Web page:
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act may not be put for the object; the righteousness of faith, for righteousness by or through faith; and why faith may not be counted for righteousness obtained by believing. It is remarkable, that the apostle expressly speaks of faith in this view every where else besides this context; and, therefore, he ought to be here also understood in this sense, to made his doctrine consistent. In this sense, faith is our justifying righteousness, as a condemned malefactor's accepting his prince's pardon is his deliverance from execution, or as a beggar's accepting an alms is his preservative from starving. As in these cases it is not the act of receiving, but the benefit received, which is the vation ; so in that case it is not the act of receiving Christ, but the benefit received by faith, which is the believer's righteousness.

you cannot understand how faith's being imputed to us for righteousness can intend that Christ's righteousness is imputed to us.” Well, then, let it be even supposed that faith is here taken subjectively; and that it was Abraham's faith itself, considered as an act of his own, that was imputed to him. It may, notwithstanding, be set in such a view, as will secure the truth of the doctrine I am pleading for, if the text be considered as it is in the original. His faith was imputed unto righteousness; that is, as he was reckoned, judged, or esteemed of God to be a sound believer; so the faith which was imputed or reckoned to him was unto righteousness, was instrumental to his attaining of righteousness, was the means that by the righteousness of one the free gift came upon him, unto justification of life; or, in other words, was the means of his interest in that righteousness of Christ by which he was justified. In this sense, the imputation respects his faith; and intends an approbation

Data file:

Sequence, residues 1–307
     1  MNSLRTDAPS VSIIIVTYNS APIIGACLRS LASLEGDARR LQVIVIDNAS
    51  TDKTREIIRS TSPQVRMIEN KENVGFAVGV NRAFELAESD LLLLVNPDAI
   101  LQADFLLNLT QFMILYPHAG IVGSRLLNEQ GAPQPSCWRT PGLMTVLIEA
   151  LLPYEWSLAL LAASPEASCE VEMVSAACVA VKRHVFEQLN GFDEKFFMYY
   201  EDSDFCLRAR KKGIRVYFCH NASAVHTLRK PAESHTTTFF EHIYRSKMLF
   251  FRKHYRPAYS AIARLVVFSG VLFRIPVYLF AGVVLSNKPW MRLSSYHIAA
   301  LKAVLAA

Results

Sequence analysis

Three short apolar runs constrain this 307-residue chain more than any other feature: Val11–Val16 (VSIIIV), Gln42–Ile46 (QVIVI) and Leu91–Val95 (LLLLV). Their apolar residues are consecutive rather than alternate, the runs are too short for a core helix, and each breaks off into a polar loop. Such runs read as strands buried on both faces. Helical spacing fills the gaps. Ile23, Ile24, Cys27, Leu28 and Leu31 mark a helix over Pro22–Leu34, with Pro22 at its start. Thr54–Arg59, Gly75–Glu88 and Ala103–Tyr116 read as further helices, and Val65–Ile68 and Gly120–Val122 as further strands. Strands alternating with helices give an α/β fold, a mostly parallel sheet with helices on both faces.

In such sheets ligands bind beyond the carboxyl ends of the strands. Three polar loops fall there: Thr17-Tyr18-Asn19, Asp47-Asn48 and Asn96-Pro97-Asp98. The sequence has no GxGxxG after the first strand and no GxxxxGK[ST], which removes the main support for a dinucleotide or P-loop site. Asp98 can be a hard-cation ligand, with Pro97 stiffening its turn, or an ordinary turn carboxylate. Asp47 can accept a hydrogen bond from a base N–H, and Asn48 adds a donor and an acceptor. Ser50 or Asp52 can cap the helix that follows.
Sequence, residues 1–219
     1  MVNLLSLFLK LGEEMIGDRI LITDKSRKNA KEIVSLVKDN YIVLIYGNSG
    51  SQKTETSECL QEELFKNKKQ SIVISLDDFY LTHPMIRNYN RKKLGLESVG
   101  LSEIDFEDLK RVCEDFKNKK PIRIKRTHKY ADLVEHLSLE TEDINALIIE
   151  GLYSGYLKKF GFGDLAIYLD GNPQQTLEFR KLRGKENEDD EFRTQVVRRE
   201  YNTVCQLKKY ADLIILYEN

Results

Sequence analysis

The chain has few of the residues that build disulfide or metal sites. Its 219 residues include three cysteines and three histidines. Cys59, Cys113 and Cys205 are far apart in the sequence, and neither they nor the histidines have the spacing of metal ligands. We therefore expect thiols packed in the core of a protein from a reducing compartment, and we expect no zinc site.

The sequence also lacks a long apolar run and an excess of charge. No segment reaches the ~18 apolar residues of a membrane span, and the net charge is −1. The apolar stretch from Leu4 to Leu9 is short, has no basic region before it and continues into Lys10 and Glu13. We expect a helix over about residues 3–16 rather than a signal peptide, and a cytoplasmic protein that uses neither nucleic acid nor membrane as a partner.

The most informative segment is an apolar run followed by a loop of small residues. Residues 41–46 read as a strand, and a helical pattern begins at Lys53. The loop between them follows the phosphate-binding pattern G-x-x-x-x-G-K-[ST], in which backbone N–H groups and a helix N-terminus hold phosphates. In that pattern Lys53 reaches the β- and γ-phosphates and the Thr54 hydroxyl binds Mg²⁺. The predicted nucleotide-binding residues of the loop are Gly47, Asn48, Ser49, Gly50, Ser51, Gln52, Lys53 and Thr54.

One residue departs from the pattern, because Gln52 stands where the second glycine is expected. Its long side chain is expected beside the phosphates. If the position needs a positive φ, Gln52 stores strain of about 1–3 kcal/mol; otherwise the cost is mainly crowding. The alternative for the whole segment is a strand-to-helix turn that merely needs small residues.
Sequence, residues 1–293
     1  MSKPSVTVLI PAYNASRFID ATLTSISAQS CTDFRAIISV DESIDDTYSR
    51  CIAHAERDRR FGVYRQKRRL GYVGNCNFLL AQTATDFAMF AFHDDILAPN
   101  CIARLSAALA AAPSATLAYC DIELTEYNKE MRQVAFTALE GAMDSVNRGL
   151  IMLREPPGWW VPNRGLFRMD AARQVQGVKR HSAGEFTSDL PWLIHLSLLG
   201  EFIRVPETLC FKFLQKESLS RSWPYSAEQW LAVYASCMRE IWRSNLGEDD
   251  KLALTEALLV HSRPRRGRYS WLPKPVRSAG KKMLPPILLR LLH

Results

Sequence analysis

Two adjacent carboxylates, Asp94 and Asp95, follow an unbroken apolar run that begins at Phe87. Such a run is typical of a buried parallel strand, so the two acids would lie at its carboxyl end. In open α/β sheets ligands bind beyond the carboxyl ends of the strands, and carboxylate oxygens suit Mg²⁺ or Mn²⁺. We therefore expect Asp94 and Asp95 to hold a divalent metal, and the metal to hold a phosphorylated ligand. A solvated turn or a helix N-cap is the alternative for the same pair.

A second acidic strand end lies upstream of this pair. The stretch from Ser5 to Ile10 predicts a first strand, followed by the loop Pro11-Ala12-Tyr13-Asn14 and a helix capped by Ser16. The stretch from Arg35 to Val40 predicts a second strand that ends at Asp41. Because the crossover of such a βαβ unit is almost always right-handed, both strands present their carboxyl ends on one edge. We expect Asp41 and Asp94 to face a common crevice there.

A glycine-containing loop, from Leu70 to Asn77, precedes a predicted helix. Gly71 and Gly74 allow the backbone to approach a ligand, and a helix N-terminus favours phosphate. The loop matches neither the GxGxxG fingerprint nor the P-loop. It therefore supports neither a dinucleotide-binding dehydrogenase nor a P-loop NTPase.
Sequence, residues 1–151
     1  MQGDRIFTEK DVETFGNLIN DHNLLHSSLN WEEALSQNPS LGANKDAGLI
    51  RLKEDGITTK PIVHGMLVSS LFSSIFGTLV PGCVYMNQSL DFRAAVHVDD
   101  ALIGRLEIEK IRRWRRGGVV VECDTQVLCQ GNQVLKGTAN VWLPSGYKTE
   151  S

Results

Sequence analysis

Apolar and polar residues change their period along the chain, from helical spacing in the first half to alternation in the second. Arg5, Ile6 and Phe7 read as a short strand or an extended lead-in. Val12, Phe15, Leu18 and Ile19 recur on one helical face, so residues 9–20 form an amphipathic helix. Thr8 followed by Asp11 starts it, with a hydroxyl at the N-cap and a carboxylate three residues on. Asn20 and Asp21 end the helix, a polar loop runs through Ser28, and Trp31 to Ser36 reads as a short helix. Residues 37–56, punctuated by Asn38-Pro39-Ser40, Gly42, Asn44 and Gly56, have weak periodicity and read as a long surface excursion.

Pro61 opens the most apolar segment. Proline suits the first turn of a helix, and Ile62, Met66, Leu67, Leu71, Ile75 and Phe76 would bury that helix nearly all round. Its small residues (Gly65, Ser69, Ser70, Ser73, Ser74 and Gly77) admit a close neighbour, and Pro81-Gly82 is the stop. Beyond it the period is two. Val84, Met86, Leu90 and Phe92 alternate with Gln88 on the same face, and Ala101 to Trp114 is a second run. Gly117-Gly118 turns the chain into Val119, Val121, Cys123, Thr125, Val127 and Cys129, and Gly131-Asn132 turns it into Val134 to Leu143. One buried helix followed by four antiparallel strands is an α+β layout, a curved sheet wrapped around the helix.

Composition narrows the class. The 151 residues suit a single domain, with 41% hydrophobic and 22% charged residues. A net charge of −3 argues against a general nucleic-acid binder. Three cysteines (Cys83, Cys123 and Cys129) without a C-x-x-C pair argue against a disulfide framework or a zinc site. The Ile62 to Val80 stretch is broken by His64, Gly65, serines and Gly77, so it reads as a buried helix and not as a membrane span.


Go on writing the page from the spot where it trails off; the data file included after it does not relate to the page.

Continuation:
and acknowledgment of it as true, and sincere, and effectual to its proper purposes.

He was approved of God, as having a true and sound faith, a faith effectual, as an applying means unto righteousness, and thereby unto justification; a faith which interested him in Christ and his righteousness, and thereby entitled him unto acceptance with God and eternal life. He was judged to be such a believer as to have a right, according to the terms of the covenant of grace, to have righteousness imputed to him without works, as it is expressed in ver. 6. According to this view of the case, imputation is considered in this context in both the senses before explained. Abraham was reckoned, or esteemed, a true believer ; in consequence whereof, a justifying righteousness was imputed to him, even the righteousness of God without the law.